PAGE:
The Battle of Monocacy, in part because of its relative obscurity, but also because of the complexity of its strategic effect, opens up interesting questions about historical contingency, the meaning of victory and defeat, the duality and ambiguity of war and strategy, and the narratives that take hold and those which fade away.
Friedman intentionally authored a quick read, believing the work should fit in a leader’s cargo pocket, and he strikes the perfect balance between brevity and gravity. Beyond the main effort of introducing an outline of tactical tenets and concepts, Friedman’s work also introduces strategic titans to the new tactician. This foreshadowing is an invaluable secondary benefit, as it creates scaffolding for later exploration in leaders yet unexposed to these thinkers. One could be excused for thinking Friedman’s work might lose coherence through the frequent calling forth of these tactical and strategic visionaries, but he altogether avoids the trap of confusing the narrative and masterfully weaves a tapestry of their individual thoughts that surgically and powerfully complement his work.
Operational and strategic level leaders cannot get caught in the rapid pace of tactics, but neither can they ignore the fact that decisions at the tactical level must proceed at the pace demanded by the situation. When operational and strategic leaders increase the pace of decision-making, it can lead to a chasing of the bright and shiny object mentality. Decisions in these orbits include a set of dialogues and tend to be iterative. Further, leaders at all levels must consider the complexity of decision making at each level above and below them.
No tactical situation is entirely new, but none are ever entirely the same either. Applying theory to an original situation in an original way is the art, in both tactics and strategy. It’s also why tactical principles can never be immutable and are always subject to the play of probability. By understanding tactical theory, tacticians can train their minds to recognize the ways they can weigh the dice of probability in their favor.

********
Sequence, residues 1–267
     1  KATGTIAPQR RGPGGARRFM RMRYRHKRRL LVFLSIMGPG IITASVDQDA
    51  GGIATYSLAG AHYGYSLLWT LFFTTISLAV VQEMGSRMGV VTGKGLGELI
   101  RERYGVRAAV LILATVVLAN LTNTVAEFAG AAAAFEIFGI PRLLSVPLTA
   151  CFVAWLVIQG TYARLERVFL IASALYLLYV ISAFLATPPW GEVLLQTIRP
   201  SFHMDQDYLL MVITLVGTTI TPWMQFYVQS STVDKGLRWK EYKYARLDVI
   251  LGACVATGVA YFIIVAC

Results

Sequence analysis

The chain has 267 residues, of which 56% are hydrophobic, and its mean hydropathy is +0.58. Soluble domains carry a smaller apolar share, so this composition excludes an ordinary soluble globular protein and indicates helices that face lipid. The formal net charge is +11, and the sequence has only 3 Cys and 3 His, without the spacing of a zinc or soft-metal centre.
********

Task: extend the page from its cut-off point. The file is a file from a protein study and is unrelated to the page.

Only by understanding the proper framework and context within which to place and employ the means towards the ends can tactical victories and strategic successes possibly be achieved. Strategy and tactics are absorbed and coextensive in the mind of the commander, within the plan of war, which decides combat, the crucial key connecting and explaining strategy, tactics, and their relationship.
War is both a science and an art. Therefore, it requires certain qualities that, prima facie, are not those of the military leader. Among them is imagination, a creative capacity that offers the opportunity to represent objects that are not perceived or to make new combinations of images.
Set in complex environments and subject to severe budgetary constraints, military operations – today more than ever – require us to shape innovative solutions. Accordingly, using imagination in military tactics should no longer be restricted to a few genius leaders, but institutionalized among the army.
This requires every leader to intellectually work on oneself but overall to be able to promote an organizational culture that allows this skill to develop.
The Winter War highlights the importance of situating campaign assessment within appropriate historical context to ensure the right conclusions are drawn. It also demonstrates that tactical setbacks, rather than successes, provide the obvious and crude necessity for strategic and operational review and adjustment. The current Western predisposition to analyse ‘successful’ tactical actions to inform the development of strategy is a frustrating example of our failure to understand this. It is all too easy to focus on what has been done well at the tactical level–as in the case of the ‘gallant’ Finns. However, the more difficult intellectual experiment is to review a campaign in its totality–to examine whether tactical actions were linked to a strategy that achieves the political objective and overall victory.
How do you win? Strategists determine what must be done and why. Operational planners devise the when and where. Tacticians are left the most daunting question: How? Though tactical prowess cannot save a poor strategy, the success of both strategy and operational planning frequently ride on tactical achievement. Yet, unlike strategy, tactics are infrequently discussed. Many tactics hide behind layers of classification, and training commands train their students to memorize and execute “proven” “pre-planned responses.” In the exigencies of combat, muscle memory is critical, but discussion of how those tactics were proved is often lost.
These problems are particularly acute for naval tactics. No two navies have fought a major fleet engagement in more than seventy years, and those who would command ships in battle must wait until the twilight years of their careers before they can coordinate multiple units. The U.S. Naval Institute’s new Naval Tactics “wheel book” helps fill a yawning gap.
Unlike much rote tactical training, the book highlights the role of thinking and experimentation, particularly qualitative, historical study.